How to teach your child math
Math education in the United States is abysmal. I say this as a math professor with a PhD in mathematics. To understand how I feel, take a look at Lockhart's Lament. Imagine that a child is studying music, say piano. However, for 13 years, all they do is practice scales, finger exercises, readning and writing notes---don't forget whether to draw the note with stem up or down! Imagine that they never hear a song, or get to play one. This is what society has done to math.
Basically this is how math education works, before the college level. The teacher shows the class how to solve a specific problem, like finding the equation of a line when you are giving two points on the line. Then the class does 20 exercises, just like the teacher's example and that is it, until the exam where the student repeats it. It is monkey see, monkey do. No creative thinking expected. Then came along Common Core, which is a tiny step in the correct direction. Common Core is supposed to force students to think a little more. It does, but not mathematically: it wraps up the math problem in complicated language so no one knows what the heck the problem is asking. However, Common Core is an improvement and when parents opt out, they are basically saying: I am afraid my kid will get a bad grade, so we are not taking the test. Or, the teacher is afraid that the students will do bad, so he/she tells the parents to opt out so he/she won't get fired.
The early years
Start with Dr. Wright's Kitchen Table Math: Book 1. This is the first book in the series, and there are two others (book 2, book 3). They also need to learn the very basic facts about numbers, and flash cards are good for this.
When they know all of their basic facts, make sure they can really do arithmetic. Now, we can start the fun books.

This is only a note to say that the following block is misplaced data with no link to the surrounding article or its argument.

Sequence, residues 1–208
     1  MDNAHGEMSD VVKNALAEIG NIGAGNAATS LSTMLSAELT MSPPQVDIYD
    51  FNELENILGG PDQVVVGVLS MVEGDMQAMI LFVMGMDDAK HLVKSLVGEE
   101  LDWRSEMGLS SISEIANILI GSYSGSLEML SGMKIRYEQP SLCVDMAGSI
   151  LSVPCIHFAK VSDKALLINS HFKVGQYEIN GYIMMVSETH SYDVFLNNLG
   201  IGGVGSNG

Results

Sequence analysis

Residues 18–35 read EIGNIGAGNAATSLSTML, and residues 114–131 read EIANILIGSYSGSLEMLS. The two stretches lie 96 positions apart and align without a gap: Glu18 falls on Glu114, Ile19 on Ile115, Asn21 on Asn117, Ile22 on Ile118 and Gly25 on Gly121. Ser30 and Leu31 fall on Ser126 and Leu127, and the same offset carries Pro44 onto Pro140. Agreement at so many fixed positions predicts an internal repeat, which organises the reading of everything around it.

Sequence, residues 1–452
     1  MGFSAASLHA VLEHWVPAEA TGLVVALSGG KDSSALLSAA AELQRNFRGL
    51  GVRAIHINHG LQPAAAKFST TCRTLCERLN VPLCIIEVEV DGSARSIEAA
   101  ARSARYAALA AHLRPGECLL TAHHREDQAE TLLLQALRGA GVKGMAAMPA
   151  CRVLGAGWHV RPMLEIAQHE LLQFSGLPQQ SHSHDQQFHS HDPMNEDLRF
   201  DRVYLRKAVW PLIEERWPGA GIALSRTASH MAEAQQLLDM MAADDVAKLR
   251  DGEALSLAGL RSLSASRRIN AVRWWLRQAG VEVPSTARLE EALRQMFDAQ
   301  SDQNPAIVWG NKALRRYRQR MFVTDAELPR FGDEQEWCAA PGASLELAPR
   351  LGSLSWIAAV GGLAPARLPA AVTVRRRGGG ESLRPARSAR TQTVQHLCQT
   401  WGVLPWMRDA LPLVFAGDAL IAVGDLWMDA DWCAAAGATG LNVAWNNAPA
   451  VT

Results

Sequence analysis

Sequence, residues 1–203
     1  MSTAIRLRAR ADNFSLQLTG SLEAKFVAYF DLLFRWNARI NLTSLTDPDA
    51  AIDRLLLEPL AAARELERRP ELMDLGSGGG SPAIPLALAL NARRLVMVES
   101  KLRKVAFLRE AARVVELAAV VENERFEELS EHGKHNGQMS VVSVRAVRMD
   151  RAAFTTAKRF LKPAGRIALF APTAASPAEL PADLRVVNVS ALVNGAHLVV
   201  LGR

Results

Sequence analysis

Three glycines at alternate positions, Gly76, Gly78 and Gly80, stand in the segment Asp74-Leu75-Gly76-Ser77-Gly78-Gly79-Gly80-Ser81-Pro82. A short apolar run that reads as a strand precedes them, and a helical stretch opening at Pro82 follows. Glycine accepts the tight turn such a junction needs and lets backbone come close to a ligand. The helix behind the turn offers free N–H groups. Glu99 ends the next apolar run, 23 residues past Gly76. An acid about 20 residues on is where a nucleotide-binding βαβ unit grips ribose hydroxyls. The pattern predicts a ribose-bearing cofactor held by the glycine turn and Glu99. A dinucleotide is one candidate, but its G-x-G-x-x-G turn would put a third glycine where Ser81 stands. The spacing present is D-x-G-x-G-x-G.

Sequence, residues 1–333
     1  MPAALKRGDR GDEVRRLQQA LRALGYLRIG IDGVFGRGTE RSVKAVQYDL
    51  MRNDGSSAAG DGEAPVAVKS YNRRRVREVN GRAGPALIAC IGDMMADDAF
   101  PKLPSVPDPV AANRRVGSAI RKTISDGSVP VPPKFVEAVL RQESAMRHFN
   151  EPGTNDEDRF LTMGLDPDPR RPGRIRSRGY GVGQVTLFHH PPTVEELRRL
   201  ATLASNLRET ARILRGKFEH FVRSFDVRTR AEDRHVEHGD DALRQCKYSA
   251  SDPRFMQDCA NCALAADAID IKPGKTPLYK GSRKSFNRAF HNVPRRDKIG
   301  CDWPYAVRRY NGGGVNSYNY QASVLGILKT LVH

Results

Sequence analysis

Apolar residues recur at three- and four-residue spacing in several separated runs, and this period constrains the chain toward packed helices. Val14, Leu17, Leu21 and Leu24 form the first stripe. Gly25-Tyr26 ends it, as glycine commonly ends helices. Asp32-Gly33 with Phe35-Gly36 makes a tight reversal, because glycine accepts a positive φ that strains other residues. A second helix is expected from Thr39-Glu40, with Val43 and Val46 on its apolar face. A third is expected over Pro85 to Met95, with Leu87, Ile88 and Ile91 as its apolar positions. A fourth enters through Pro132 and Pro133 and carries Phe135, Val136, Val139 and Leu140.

First there is the three volume set of Challenge Math by Edward Zaccaro (Primary Grade Challenge Math , Upper Elementary Challenge Math, Challenge Math For the Elementary and Middle School Student ). These books present problems that require a lot more mathematical thinking than the usual school curriculum. This is what Common Core math should be.
These days you can ask the simple artificial intelligences (Siri, Alexa,...) to work out simple math computations. There really isn't a good reason to be an expert in doing arithmetic on paper. However, being able to compute mentally is still important, especially to estimate because sometimes you make a mistake typing in a computation into your calculator and it is important to be able to catch errors, when they are off by a magnitude. A really good book is Secrets of Mental Math: The Mathemagician's Guide to Lightning Calculation and Amazing Math Tricks by Arthur Benjamin. Check out his TED talk. Though we have calculators, mental math practice may increase a child's working memory (which is closely tied to IQ score and success in school. Look out for a future article on working memory). Also, check out the following book for teens and for parents: The Magic of Math: Solving for x and Figuring Out Why also by Arthur Benjamin.
The following two books are simple picture type books which present ideas that are extremely advanced, yet do so in as simple a way as possible. The first one Really Big Numbers by Richard Schwartz, helps us understand where really big numbers come from. For example, how many license plates numbers are possible? how many phone numbers can be made? Next, one big step from big isinfinity: Gallery of the Infinite also by Richard Schwartz.
Math books for the future math olympiad
The toughest and most advanced math books designed for school age children (mostly middle school through high school) are from the Art of Problem Solving series. If every school used these books, the US would produce 100 Bill Gates per year. If the you are not versed in math, you should purchase the full solution manuals that are available with each book. Start with Prealgebra and Solutions to Prealgebra for 7th grade.
Intro to Algebra + Solutions for 8th grade.
Intro to Geometry + Solutions for 9th grade.
Intermediate Algebra + Solutions for 10th grade.
How to study math
The best way to learn math is to struggle, trying to solve challenging problems. If a bright child comes home from school and says math is easy, then he/she is being short changed. If the parent is not good enough in math, you might want to hire a good tutor, perhaps a really good high school teacher (who teaches the BC Calculus course), a college professor, or a graduate student in mathematics (if you live near a major university). All I am saying is give math a chance. Real math, not the easy stuff they teach in school.